News Updates: Deukmajian vetoes CAP, Other Education Measures; Texas Teacher Groups Press

Article Tools
  • PrintPrinter-Friendly
  • EmailEmail Article
  • ReprintReprints
  • CommentsComments

Mr. Deukmejian said the $9 million in the bill for the cap program should come from funds protected by the state's Proposition 98 education-funding guarantee, rather than from other state revenues.

The Governor earlier had removed the cap funds from the budget approved by the legislature in the summer, after which lawmakers moved to restore funding through a new bill.

The cap program tests 3rd-, 6th-, 8th-, and 12th-grade students in reading, writing, mathematics, and other subjects each year.

In other action on measures approved by the legislature during its 1990 session, Mr. Deukmejian vetoed measures that would have:

Required all students to take aids-prevention classes at least once in both middle school and high school.

Established a savings-bond program for college expenses.

Created the nation's first loan-assumption program for prospective early-childhood educators.

The bill would have given 50 students a year the chance to have up to $2,000 in college loans repaid if they agreed to teach, or $4,000 if they agreed to supervise for two years in a licensed early-childhood program.

Called for guidelines for screening students in grades 4-12 for cholesterol.

Mr. Deukmejian signed, however, legislation providing a tax credit of $1,000 for families with incomes of up to $40,000 a year in which a parent stayed home to care for an infant.

Four organizations that represent Texas teachers have sued the state to force it to proceed with a process for designating "master teachers," the highest rating of the state's career-ladder program.

In a lawsuit filed last month, the Texas State Teachers Association, the Texas Federation of Teachers, the Association of Texas Professional Educators, and the Texas Classroom Teachers Association accused the education department of stalling in the development of an oral examination that is one of the tests to be used to judge teachers for placement on the career ladder's highest rung beginning this school year.

Commissioner of Education William N. Kirby called the teacher groups' accusation "irresponsible." A spokesman for the education department said the examination was not developed because the legislature did not appropriate the approximately $850,000 needed to create it.

Instead, lawmakers passed a bill during their last session eliminating the required oral examination. Some provisions of the law were challenged by the Association of Texas Professional Educators, however, and the measure was overturned by the state supreme court.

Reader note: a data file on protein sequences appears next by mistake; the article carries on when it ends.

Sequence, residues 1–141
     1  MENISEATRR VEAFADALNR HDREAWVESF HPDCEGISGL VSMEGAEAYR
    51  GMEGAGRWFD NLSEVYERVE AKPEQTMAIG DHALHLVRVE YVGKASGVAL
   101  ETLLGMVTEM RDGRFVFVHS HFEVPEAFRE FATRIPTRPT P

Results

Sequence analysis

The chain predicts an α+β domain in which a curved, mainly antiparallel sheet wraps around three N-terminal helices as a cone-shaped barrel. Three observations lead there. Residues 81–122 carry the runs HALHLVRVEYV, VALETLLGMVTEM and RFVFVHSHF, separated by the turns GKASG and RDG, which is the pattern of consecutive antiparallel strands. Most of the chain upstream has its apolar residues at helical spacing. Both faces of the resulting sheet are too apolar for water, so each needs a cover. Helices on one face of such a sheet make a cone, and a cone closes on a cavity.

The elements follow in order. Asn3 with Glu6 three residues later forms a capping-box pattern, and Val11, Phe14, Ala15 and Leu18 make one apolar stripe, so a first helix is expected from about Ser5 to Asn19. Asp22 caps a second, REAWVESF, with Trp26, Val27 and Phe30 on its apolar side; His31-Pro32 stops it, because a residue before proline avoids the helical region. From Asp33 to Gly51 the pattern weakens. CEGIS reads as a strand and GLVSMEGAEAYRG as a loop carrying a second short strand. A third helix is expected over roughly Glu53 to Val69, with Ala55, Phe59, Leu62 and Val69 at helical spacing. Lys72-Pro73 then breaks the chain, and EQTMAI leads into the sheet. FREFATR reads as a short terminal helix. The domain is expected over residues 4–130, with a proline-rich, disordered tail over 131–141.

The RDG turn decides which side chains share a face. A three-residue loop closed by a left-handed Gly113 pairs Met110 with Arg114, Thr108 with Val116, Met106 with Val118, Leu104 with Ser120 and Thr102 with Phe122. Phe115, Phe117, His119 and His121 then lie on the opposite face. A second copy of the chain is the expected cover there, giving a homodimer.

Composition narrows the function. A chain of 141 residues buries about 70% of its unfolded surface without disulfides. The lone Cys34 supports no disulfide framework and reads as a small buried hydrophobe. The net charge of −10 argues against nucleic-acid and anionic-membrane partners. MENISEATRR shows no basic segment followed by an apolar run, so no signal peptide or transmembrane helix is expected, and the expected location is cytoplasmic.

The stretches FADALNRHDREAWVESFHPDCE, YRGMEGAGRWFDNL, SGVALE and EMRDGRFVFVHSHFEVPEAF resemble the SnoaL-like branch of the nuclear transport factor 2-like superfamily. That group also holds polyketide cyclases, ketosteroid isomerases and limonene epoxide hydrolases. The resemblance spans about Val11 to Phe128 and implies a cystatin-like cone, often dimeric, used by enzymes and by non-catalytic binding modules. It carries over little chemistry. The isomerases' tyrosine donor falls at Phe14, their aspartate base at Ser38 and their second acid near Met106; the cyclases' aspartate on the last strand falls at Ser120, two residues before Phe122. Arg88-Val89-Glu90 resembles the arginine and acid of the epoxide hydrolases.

The written examination required for teachers who wish to be designated as "masters" has been developed and will be offered next month.

Vol. 10, Issue 06

Notice: We recently upgraded our comments. (Learn more here.) If you are logged in as a subscriber or registered user and already have a Display Name on, you can post comments. If you do not already have a Display Name, please create one here.
Ground Rules for Posting
We encourage lively debate, but please be respectful of others. Profanity and personal attacks are prohibited. By commenting, you are agreeing to abide by our user agreement.
All comments are public.

Back to Top Back to Top

Most Popular Stories





Sponsor Insights

Vocabulary Development for Striving Readers

Free Ebook: How to Implement a Coding Program in Schools

Successful Intervention Builds Student Success

Effective Ways to Support Students with Dyslexia

Stop cobbling together your EdTech

Integrate Science and ELA with Informational Text

Can self-efficacy impact growth for ELLs?

Disruptive Tech Integration for Meaningful Learning

Building Community for Social Good

5 Resources on the Power of Interoperability from Unified Edtech

New campaign for UN World Teachers Day

5 Game-Changers in Today’s Digital Learning Platforms

Hiding in Plain Sight - 7 Common Signs of Dyslexia in the Classroom

The research: Reading Benchmark Assessments

Shifting Mindsets: A Guide for Training Paraeducators to Think Differently About Challenging Behavior

All Students Are Language Learners: The Imagine Learning Language Advantage™

Shifting Mindsets: A Guide for Training Paraeducators to Think Differently About Challenging Behavior

How to Support All Students with Equitable Pathways

2019 K-12 Digital Content Report

3-D Learning & Assessment for K–5 Science

Climate Change, LGBTQ Issues, Politics & Race: Instructional Materials for Teaching Complex Topics

Closing the Science Achievement Gap

Evidence-based Coaching: Key Driver(s) of Scalable Improvement District-Wide

Advancing Literacy with Large Print

Research Sheds New Light on the Reading Brain

Tips for Supporting English Learners Through Personalized Approaches

Response to Intervention Centered on Student Learning

The Nonnegotiable Attributes of Effective Feedback

SEE MORE Insights >